Over the years we have found many ways to save a lot of money on entertainment. Here are some of them.
Pay-what-you-will, preview, rush or restricted view tickets
At the start of the run for many shows there is a pay-what-you-will night. Also, check for theatres in your area that sell rush tickets during the last few minutes before a show. I’ve bought rush tickets at Portland Center Stage for years and although you are warned there is a chance you won’t get a ticket I’ve always gotten one. To help your chances check for availability of seats online before you make the trip and try and be there early as there is usually a queue. Some theatres sell ‘restricted view’ seats. I’ve purchased these for around $20 and found myself literally sitting beside people who had paid over $100 for a ticket on more than one occasion. Usually “restricted view” means that a small portion of the left or right rear corner of the stage (where little is happening) is not visible to you. I never felt I missed seeing anything with these seats.
For most Classical and Pops Series concerts, the Oregon Symphony offers half-price rush tickets for seniors (age 62 and over). Senior rush tickets are available starting two hours before eligible performances, in the lobby of the Arlene Schnitzer Concert Hall. All seating sections in the concert hall are eligible for this discount except Dress Circle. Check online for offers where you live.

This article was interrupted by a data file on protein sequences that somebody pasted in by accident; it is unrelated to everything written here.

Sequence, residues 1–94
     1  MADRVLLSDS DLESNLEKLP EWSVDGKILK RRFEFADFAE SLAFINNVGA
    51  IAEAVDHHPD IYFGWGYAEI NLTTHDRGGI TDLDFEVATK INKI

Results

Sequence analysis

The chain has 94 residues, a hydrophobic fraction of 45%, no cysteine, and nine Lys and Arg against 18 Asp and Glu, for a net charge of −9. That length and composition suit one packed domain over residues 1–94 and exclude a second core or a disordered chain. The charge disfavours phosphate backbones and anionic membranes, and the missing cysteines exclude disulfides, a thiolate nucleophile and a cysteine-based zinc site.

Take advantage of senior discounts to visit museums and theatre. Find out theatre rules. Senior tickets for $20 each go on sale for Portland Opera but you can only purchase them up to two hours before the show. Some theatres have senior rates that you can purchase in advance.
Art museums usually have special rates for seniors and free days.
The largest movie chain in our area, and most other movie theaters as well, offer discounted movie tickets to seniors. I’m not even sure what the minimum age is. I just ask for the ticket and I look old enough so they give it to me without asking for proof of age.
Cheap days or Free days
Art museums usually have free days. Portland Museum offers free museum admission on the first Thursday of every month from 5 – 8 p.m. The Museum also offers free admission and special family programming several times a year.
Also check out programs such as Bank of America Museums on Us where you can visit the Museum on the first full weekend of each month and show your Bank of America or Merrill Lynch credit or debit card for complimentary Museum admission.
Our local Regal cinema has cheap movies every Tuesday for $5 admission for first run movies, so we typically wait until Tuesdays to see a new movie instead of paying twice as much on another day.